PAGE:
The Genuine Man of Steel

Tonight, we open our third Simian Showcase! Here’s one of our directors, Luke LaRocque, to say a few words about the play he’s directing:

I’m not going to lie, I’m more of a Star Wars junkie. I still read the novels: I have 50+ of them sitting in a box somewhere waiting for a third or fourth go around once I move next week. I’m incredibly nervous about the new Disney trilogy (so help me if it doesn’t involve someone called Thrawn). I would be lying if I said that I didn’t reach for a pen across the room once in a while and hope beyond hope that I could Force pull it to myself.

My brothers, on the other hand, are comic book fans. Superman, Batman, Spiderman, they find the comics online and spend hours reading them. I have vivid memories of one brother with a Superman cape flying around the house with his fist outstretched in front of him. They lived and breathed their superheroes, and can tell you the identity of the real Wade Wilson.

Still, when it came time to selecting a script to direct for the Simian Showcase this year, Super jumped off the page at me and I couldn’t resist. The character Supes was a compelling figure to think about, and DJ’s writing certainly drew my attention with its openness to dark humour. Who is this guy who dresses the part every day, for no guarantee of money? Is he crazy? Is he that enamoured with Superman? Or is he just a regular guy, trying to make a buck?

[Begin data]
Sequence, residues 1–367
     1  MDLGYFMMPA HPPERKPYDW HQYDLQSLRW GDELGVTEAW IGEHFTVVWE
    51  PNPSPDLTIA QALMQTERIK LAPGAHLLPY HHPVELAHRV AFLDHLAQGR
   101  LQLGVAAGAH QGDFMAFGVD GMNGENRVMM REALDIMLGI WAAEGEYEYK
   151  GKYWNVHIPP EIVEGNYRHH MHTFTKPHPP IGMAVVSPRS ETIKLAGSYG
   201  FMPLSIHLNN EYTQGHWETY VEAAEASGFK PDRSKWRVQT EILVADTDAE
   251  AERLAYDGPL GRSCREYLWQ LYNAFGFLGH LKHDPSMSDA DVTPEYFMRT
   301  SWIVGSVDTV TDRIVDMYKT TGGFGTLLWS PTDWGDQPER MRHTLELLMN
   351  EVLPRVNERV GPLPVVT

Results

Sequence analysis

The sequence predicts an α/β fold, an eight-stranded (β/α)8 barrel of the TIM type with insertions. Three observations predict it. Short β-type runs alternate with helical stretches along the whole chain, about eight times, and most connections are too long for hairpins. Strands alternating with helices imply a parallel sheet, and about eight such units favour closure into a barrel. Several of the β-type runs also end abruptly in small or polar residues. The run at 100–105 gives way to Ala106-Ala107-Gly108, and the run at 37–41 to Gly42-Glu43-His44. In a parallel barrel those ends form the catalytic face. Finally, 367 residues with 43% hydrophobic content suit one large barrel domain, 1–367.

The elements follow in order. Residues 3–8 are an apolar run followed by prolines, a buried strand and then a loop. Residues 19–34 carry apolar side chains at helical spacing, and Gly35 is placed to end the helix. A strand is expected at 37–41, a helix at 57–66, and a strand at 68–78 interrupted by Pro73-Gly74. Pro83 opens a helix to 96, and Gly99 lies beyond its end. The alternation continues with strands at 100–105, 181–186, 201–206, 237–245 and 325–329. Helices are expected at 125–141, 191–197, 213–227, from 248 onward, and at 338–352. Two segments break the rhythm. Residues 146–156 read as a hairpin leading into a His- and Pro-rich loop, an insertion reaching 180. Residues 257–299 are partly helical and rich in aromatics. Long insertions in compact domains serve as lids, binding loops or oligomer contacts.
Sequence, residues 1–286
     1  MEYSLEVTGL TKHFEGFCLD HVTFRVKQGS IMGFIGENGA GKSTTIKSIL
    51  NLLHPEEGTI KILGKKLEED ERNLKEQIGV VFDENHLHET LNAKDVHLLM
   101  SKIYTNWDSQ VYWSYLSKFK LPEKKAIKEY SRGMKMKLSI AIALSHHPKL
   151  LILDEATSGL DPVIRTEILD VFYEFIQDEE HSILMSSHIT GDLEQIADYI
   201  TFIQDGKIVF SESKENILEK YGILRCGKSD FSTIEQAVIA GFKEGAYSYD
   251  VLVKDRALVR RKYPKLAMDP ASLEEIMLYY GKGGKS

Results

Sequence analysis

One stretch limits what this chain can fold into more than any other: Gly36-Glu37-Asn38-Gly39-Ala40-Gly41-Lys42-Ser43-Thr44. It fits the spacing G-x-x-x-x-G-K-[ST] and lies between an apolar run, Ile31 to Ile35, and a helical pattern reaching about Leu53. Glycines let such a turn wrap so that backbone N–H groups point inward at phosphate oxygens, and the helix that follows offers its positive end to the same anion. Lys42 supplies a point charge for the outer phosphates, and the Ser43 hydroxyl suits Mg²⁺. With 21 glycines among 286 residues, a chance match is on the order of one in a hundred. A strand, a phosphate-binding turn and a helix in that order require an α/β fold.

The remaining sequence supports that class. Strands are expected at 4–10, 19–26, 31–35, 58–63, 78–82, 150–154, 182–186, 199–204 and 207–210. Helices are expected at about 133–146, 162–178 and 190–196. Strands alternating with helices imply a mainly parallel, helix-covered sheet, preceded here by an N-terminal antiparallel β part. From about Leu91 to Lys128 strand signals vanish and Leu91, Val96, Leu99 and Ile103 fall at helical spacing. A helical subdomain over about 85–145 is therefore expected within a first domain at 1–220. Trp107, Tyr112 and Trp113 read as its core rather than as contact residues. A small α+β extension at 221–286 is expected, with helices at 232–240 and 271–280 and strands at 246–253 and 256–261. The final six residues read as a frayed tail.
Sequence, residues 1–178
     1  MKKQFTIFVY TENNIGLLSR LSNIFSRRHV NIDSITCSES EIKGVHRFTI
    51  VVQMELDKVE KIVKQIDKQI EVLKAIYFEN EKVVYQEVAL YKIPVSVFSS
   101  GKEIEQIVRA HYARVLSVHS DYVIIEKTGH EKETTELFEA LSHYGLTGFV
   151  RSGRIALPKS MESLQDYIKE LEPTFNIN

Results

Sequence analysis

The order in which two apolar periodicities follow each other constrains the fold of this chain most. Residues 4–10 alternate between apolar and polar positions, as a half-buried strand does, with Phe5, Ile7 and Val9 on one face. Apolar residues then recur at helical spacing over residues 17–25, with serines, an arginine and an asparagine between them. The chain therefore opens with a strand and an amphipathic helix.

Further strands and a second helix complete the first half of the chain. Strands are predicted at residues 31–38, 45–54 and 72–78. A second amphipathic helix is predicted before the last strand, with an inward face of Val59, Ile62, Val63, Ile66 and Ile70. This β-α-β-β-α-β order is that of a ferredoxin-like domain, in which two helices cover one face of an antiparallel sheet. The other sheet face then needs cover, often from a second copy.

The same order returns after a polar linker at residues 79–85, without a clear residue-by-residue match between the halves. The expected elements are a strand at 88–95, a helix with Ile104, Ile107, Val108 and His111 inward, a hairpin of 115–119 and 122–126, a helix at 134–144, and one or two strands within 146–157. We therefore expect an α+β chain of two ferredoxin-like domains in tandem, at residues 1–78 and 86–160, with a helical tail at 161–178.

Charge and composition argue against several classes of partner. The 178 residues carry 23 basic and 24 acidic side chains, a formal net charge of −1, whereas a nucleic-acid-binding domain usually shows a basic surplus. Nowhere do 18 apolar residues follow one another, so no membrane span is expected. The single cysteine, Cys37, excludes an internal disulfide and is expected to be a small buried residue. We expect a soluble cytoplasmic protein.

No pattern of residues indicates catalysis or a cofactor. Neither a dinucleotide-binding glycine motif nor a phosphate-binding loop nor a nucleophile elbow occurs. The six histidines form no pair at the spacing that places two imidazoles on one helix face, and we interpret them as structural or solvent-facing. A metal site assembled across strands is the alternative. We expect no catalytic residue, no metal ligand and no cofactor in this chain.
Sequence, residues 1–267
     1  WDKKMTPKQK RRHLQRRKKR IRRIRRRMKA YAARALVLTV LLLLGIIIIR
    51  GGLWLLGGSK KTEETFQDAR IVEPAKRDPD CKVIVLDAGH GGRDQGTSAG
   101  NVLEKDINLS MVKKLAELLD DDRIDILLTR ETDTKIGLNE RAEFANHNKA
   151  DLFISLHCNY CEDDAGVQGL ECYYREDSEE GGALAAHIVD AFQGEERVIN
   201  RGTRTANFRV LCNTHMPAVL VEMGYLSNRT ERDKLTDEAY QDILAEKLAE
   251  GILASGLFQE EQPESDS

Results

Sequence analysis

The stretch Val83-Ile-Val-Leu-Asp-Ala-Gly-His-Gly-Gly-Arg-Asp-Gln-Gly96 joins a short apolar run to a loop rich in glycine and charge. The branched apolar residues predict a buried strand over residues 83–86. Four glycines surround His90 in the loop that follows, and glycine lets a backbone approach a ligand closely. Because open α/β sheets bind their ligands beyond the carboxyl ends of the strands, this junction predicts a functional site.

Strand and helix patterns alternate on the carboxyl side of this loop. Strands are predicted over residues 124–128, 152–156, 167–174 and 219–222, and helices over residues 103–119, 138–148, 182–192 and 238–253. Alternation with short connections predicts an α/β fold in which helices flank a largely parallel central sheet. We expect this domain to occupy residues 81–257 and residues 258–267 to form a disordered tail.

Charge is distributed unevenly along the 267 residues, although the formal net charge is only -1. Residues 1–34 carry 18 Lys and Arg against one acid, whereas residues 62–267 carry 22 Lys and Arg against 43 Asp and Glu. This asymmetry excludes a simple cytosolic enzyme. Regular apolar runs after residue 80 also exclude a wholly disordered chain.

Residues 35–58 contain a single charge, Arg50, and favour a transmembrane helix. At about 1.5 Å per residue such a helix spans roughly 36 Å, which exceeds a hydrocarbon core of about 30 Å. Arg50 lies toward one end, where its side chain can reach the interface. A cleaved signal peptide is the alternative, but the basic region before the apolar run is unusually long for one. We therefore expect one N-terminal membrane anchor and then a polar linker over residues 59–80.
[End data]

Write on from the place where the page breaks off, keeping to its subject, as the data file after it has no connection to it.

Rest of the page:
At the same time, the script is about far more than just a character. Part way through, while asking for tips on the street, Supes says “I always feel guilty about the money part. I make sure to do it out of character, so it’s me asking, not the Big Guy. I don’t want someone to think less of Superman for it.”

The Big Guy.

Superman really is the biggest. Despite my mendicant ways when it comes to superheroes, there has never been any doubt in my mind that Superman is the one in charge. He’s the one name that your average non-superhero-loving person would say when you ask for the most popular hero (perhaps that’s debatable, but I’m your average non-superhero-loving person, so I’ll claim it). It takes a certain amount of effort to craft a story about Superman which shows the respect that his character is due. DJ has done a great job of that. It takes a talented actor to portray the Man of Steel on stage, and I think Cam’s been a sensitive interpreter of Clark Kent’s better half (it was no mistake that I asked an avid comic book fan to take the stage with me). I hope I’ve brought a bit more to the script through my direction.

All that being said, Superman will never just be one interpretation. Everyone who comes to see the show will have their own opinion, because Superman is just that iconic. So, in the end, I’m left with presenting my own view of him, and pray that those not-so-average superhero-loving people agree with me.

Liked it? Take a second to support us on Patreon!
Become a patron at Patreon!

Leave a Reply

Your email address will not be published. Required fields are marked *